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Photo of bareback bronc riding at the Buffalo Bill Rodeo
Bareback bronc riding action at the Buffalo Bill Rodeo

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Nebraskaland Days
A Local Legacy

The man in the photo is about to be thrown off his horse. He is trying very hard to stay on a bucking bronc -- a horse that hasn't been "broken," or made suitable for riding. Bareback bronc riding is an event at the Buffalo Bill Rodeo during a celebration of Nebraskan culture called Nebraskaland Days in North Platte. The idea for the Buffalo Bill Rodeo came from the man himself, Buffalo Bill.

Buffalo Bill was born William Frederick Cody in Iowa in 1846. He became famous for his adventures as a scout and hunter in the West. On the Fourth of July in 1882, Buffalo Bill held an "Old Glory Blowout" in North Platte, Nebraska. It included buffalo riding, bucking bronc riding, steer roping, and horse racing. The town of North Platte claims it as the first rodeo ever held. The show also had a buffalo hunt and events in which people re-enacted, or demonstrated, battles. The "Old Glory Blowout" was such a success that Buffalo Bill took the show, known as "Buffalo Bill's Wild West," on the road throughout the United States and even to Europe. The Wild West show made him world famous, and he toured with it until 1916. Today, the Buffalo Bill Rodeo and Nebraskaland Days is the modern-day version of Buffalo Bill's Wild West show.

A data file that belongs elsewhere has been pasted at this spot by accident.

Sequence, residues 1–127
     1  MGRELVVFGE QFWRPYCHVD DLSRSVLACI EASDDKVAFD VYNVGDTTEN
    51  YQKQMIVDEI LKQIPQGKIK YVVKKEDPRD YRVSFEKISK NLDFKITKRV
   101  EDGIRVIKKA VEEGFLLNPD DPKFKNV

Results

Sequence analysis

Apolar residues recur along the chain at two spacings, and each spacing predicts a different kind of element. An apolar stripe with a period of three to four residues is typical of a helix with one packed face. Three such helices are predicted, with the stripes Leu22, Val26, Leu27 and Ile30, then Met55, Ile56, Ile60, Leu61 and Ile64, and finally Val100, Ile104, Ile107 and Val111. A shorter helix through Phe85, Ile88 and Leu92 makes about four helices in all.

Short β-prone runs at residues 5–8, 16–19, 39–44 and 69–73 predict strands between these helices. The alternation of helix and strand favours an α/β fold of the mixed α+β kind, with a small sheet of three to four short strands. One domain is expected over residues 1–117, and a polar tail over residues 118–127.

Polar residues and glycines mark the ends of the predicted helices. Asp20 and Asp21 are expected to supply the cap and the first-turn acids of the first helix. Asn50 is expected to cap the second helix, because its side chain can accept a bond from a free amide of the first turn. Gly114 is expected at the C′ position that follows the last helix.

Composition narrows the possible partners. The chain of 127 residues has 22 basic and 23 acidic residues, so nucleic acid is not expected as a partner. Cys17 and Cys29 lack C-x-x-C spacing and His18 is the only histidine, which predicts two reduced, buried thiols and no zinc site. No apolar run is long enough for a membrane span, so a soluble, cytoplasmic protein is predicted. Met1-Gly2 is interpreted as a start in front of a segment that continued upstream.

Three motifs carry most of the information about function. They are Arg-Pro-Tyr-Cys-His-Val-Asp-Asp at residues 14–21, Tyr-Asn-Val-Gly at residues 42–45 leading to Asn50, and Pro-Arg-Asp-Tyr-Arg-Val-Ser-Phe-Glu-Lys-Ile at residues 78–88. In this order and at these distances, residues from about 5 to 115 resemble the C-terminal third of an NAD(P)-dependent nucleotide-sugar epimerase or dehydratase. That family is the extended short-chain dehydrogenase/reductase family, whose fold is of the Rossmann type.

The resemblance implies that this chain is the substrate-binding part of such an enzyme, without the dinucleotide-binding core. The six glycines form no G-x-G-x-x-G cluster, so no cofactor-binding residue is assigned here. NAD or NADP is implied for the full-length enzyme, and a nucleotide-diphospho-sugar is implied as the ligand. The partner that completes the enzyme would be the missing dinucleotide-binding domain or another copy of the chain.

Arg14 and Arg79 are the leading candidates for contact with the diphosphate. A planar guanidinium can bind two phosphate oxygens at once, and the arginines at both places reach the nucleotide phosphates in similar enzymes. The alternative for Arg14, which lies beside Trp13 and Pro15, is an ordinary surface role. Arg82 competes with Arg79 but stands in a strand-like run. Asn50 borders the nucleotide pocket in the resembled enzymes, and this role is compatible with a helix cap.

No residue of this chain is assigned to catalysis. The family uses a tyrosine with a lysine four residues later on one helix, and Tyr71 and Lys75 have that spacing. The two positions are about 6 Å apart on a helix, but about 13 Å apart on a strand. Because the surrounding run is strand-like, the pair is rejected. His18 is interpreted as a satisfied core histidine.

You can read more about Buffalo Bill in the "Amazing Americans" section of this Web site.

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